• China Flag
  • India Flag
  • Indonesia Flag
  • Vietnam Flag

Bomb attack highlights worsening Thai violence

No religions immune from deteriorating security situation

People place candles in front of parliament building in Bangkok while praying for peace in the south (File photo) People place candles in front of parliament building in Bangkok while praying for peace in the south (File photo)
  • Panithan Kitsakul, Bangkok
  • Thailand
  • January 20, 2011
  • Facebook
  • Print
  • Mail
  • Share
Violence in Thailand’s restive southern provinces continued today when two roadside bombs exploded, one in Pattani and the other in Yala. No injuries were reported although the bombs were detonated while soldiers or police were passing.

A day earlier, dozens of armed suspected rebels attacked a military camp in Narathiwat province, killing at least four soldiers and injuring several more, local media reported. The same day two security personnel were injured by a bomb blast outside a teashop in another part of the province.

The ongoing violence is not confined to Buddhists and Muslims in the deep south. The tiny Catholic community in the region is also caught up and, according to one local priest, Catholics have to take enhanced precautions while violent incidents keep breaking out.

Salesian Father Suksan Chaopaknam who looks after six Catholic churches and chapels in the three southernmost provinces, noted that one teacher was killed on Jan. 16 - Teachers Day in Thailand.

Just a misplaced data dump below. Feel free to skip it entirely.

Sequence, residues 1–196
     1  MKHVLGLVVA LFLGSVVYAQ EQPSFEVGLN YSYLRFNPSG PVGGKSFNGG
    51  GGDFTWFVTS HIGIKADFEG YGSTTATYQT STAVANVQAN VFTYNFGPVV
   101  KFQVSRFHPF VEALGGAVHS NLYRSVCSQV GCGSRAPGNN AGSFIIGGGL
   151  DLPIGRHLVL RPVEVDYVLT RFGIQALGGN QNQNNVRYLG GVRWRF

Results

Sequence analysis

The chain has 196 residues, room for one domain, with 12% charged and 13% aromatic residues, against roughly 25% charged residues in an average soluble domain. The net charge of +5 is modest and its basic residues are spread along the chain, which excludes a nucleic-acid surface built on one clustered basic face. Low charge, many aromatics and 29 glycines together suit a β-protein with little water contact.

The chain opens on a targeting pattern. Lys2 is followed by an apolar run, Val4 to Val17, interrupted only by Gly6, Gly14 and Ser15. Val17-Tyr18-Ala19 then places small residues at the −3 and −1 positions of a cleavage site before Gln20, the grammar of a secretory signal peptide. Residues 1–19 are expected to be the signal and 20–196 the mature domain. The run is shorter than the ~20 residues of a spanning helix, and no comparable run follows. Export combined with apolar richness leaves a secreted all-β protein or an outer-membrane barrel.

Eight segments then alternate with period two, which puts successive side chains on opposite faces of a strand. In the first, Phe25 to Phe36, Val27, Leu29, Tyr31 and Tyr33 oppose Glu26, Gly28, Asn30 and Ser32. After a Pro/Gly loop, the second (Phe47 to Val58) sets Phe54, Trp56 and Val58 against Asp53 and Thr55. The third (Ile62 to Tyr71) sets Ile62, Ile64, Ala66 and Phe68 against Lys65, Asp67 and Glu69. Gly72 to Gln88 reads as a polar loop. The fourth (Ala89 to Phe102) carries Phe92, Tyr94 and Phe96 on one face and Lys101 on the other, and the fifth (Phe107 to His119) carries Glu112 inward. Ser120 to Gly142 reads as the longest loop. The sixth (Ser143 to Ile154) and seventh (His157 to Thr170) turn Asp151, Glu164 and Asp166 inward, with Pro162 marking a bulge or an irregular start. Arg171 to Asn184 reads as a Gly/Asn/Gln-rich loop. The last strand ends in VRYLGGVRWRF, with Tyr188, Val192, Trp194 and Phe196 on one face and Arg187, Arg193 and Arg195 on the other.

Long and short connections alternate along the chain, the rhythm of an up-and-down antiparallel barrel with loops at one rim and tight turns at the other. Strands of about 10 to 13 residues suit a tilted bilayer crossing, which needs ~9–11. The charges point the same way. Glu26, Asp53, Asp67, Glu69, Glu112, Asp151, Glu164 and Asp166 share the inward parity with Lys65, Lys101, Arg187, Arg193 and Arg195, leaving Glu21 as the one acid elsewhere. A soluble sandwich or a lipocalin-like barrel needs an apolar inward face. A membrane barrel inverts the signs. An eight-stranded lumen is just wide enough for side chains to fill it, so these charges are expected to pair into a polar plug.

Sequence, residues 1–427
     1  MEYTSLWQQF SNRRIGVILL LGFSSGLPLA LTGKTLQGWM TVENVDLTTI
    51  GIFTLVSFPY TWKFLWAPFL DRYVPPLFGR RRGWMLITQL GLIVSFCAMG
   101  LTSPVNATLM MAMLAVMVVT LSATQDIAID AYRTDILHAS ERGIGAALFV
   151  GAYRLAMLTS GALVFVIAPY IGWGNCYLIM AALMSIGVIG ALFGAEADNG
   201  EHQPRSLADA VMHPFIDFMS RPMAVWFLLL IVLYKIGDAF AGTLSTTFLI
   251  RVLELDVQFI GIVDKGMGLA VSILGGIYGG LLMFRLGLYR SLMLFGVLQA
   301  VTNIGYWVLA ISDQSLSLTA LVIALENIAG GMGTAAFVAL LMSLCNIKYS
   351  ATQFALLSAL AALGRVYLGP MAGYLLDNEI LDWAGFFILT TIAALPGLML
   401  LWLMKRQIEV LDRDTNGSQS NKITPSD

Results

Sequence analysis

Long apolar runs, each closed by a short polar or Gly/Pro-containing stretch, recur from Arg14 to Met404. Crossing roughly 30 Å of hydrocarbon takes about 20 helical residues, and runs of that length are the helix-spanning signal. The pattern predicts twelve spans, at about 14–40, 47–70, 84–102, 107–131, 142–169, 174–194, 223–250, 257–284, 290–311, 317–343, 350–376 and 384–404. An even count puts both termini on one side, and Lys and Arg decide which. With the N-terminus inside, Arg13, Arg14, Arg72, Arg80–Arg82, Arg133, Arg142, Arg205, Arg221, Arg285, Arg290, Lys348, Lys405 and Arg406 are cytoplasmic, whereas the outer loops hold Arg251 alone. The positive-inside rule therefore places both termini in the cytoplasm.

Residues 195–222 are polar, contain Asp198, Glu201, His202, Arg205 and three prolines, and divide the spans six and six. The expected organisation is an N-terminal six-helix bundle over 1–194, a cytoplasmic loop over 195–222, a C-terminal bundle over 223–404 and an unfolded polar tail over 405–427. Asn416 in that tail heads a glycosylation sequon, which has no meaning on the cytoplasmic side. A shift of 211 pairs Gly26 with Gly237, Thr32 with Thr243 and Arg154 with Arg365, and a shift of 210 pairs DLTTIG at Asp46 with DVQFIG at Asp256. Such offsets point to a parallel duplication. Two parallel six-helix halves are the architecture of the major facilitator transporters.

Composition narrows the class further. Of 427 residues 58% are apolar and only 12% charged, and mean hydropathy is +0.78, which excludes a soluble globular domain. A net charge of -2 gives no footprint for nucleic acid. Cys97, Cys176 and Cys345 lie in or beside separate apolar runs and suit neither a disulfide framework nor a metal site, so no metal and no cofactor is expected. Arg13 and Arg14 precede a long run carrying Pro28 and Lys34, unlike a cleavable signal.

“We increase the alert and are more careful in travelling. We try to avoid travel in the morning and evening at the same time when government officers travel to work or back home, as insurgents mostly target government officers: in particular teachers, soldier and police,” he said.

Sister Meena Adulkasem, director of the Church-run Charoensri Suksa school in Pattani, said “during these two months, four parents of our students were killed. Our school supported their funerals and provided the scholarship to those students.”

The nun said Catholics, being a tiny community, cannot do much about the violence. “We are not clear why people are killed. We can’t demand for justice. If we take any action without clear information, we may become victims too. Our teachers and nuns can only be careful when they travel and limit their travelling.”

  • Facebook
  • Print
  • Mail
  • Share
Global Pulse Magazine
UCAN India Books Online